Every 24 minutes someone dies from a prescribed opioid overdose—a statistic that triggered one of the best, and most important, integrated campaigns of the past year, and was the subject of a discussion asking “Can Creative Marketing Help Solve the Opioid Crisis?” hosted by global public relations agency Ketchum at Cannes today.

The campaign began after the National Safety Council began a search for an integrated team to manage a road safety campaign—addressing the third largest cause of preventable death in America. Wondering how to draw more attention to that issue, the team studied the statistics and found that the leading cause of preventable death was opioid abuse.

Karen Strauss, chief strategy and creativity officer at Ketchum, says her firm started with a research project designed to test a hypothesis: that “most Americans who find themselves taking an opioid don’t realize they are taking an opioid.”

The research also found that while 87% of Americans believe opioid overdoses are a national crisis, they aren’t worried about their own risk for addiction, and they are definitely not concerned about the potential abuse of prescriptions. Overdosing was perceived as a problem for someone else, “addicts,” and something done with illegal street drugs, not prescriptions.

The second important insight was that many opioids are over-prescribed—a fact that was driven home to Energy BBDO chief creative officer Andres Ordonez, another member of the creative team. “I went to the medicine closet in my house and there were about 40 or 50 different kinds of pills,” he told the audience. “What happens is the doctor gives you pain killers for any kind of pain, and they should give you five or six, but instead they give you 30, and they stay in the house forever.” In fact, three out of five research respondents had prescription opioids in their own homes.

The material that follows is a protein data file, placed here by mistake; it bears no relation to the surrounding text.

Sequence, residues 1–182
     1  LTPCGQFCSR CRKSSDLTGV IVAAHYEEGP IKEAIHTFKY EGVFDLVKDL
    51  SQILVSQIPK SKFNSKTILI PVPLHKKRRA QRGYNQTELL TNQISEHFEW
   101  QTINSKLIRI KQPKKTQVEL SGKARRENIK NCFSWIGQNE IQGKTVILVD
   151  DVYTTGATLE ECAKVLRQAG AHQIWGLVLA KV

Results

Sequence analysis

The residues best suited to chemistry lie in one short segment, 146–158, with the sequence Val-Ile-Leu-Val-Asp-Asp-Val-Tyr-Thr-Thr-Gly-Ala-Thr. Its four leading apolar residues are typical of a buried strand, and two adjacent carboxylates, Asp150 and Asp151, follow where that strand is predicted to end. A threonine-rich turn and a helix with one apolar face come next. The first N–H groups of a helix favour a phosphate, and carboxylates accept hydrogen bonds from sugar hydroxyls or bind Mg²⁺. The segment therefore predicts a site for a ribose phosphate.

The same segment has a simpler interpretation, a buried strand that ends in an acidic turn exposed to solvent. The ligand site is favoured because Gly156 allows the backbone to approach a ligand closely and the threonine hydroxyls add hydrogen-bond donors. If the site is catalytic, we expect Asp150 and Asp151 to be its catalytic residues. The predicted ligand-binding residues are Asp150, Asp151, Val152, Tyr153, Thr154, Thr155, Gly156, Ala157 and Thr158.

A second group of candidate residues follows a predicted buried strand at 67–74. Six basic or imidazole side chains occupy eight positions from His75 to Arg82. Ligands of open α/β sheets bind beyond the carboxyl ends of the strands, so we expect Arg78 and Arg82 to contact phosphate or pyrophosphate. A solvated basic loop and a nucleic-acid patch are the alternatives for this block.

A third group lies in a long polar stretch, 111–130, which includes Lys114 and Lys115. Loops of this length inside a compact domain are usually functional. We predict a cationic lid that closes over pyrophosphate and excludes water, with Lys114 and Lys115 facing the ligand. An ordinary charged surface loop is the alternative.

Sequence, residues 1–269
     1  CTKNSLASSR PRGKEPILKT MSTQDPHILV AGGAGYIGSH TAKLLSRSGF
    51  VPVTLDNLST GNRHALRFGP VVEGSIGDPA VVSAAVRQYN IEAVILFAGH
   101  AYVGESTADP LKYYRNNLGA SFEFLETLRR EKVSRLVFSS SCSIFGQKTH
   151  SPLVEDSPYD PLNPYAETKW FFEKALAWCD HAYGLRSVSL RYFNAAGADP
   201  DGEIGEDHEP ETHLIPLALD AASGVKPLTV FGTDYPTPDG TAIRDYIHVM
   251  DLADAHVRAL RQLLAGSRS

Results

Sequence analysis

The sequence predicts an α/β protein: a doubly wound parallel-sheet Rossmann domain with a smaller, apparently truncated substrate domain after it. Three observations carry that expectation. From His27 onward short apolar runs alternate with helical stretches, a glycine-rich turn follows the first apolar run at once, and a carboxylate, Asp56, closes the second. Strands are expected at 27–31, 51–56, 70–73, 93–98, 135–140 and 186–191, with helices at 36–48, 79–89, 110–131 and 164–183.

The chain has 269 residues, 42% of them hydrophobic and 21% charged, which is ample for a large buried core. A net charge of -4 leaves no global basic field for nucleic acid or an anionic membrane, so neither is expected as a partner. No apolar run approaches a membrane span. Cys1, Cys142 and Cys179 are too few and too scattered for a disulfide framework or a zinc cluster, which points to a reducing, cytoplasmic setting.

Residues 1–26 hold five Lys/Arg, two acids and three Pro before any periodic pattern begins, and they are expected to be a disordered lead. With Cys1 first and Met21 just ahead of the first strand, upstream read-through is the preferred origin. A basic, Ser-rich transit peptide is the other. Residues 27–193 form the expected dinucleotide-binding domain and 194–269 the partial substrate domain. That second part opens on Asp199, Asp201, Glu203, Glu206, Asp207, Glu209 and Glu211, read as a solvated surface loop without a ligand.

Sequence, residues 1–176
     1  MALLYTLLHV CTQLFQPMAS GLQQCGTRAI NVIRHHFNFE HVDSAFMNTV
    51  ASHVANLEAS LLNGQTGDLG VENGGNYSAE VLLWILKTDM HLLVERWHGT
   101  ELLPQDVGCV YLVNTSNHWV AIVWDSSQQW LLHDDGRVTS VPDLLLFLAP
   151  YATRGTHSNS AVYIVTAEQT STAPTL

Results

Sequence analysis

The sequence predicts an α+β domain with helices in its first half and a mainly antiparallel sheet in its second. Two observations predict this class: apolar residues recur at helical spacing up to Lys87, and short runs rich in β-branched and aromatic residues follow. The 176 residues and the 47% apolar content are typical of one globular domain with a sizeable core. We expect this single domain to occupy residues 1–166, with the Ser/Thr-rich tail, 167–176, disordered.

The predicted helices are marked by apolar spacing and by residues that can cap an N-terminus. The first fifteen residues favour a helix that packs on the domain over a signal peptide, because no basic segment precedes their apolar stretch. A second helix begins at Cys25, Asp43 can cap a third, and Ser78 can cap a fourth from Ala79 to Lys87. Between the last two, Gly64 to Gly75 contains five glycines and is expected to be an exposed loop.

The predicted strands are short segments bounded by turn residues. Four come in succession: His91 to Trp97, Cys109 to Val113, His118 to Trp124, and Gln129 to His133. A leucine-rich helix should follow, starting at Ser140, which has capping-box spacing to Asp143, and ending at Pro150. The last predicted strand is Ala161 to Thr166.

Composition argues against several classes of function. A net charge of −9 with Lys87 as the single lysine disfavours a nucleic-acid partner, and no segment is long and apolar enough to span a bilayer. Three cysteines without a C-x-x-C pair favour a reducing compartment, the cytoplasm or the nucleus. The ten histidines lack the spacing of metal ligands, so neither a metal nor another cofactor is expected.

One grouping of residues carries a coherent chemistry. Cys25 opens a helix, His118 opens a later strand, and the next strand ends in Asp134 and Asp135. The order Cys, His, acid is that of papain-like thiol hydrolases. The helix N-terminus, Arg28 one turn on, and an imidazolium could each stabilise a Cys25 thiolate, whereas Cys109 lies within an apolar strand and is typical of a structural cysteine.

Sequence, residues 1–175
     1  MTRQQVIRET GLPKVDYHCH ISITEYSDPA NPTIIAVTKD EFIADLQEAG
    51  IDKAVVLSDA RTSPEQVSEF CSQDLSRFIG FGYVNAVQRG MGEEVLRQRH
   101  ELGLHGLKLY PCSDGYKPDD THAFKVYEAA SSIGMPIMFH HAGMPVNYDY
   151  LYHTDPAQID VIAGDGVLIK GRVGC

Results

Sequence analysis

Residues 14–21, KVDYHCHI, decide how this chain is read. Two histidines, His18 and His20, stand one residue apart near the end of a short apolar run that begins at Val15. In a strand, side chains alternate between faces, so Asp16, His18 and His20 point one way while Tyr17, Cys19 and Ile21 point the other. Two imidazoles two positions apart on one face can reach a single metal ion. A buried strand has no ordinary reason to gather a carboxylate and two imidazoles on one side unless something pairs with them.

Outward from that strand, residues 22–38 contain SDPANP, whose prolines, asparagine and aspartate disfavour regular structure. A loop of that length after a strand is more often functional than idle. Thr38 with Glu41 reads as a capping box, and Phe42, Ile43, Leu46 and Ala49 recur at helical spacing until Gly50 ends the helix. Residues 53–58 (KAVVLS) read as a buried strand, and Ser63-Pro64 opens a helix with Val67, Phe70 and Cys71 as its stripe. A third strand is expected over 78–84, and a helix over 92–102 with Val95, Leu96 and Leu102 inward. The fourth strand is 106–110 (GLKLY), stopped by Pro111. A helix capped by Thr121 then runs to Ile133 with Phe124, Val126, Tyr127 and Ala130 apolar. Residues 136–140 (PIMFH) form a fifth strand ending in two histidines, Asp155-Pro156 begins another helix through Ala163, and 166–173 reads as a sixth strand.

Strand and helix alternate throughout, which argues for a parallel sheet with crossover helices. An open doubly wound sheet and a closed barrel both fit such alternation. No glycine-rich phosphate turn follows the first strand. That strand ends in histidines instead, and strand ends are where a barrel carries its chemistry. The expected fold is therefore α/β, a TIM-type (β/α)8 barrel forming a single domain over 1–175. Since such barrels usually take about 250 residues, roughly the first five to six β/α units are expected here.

“People thought that this was something that happened to someone else, to junkies,” said Ordonez. “And they didn’t think it had anything to do with the pills in their cabinets. We needed to educate Americans and make them understand that the threat was sitting in their own medicine cabinets, not out on the streets. We had to put a human face on the victims to help people recognize their own vulnerability,”

The centrepiece of the campaign was experiential, a physical memorial and an elaborate data visualization that helped people see themselves in the crisis. The installation turned data into faces, featuring 22,000 pills, each engraved with the face of someone who died last year from a prescription opioid overdose. A new pill was added to the memorial every 24 minutes. That memorial then traveled to the cities hardest hit by the opioid crisis across the country.

The campaign also created a simple insurance card sticker—a “Warn Me” label—that could prompt people to engage in a conversation with medical professionals. Says Strauss: “We wanted people to know that every time they are prescribed an opiate they have the ability to say no and to ask for something else.”

The campaign garnered 2,455,606,809 earned impressions to date, 12,990,351 video views and a 2,017% increase in shared Facebook impressions, with elements of the campaign targeting different ethnic groups and other key demographics.

“It was important that we reach physicians who were writing these prescriptions, the pharmacists who were filling those prescriptions, consumers, and ultimately lawmakers,” says Strauss. To that end, the memorial visited Washington, DC, for a week, and received considerable support from the Trump administration and both parties.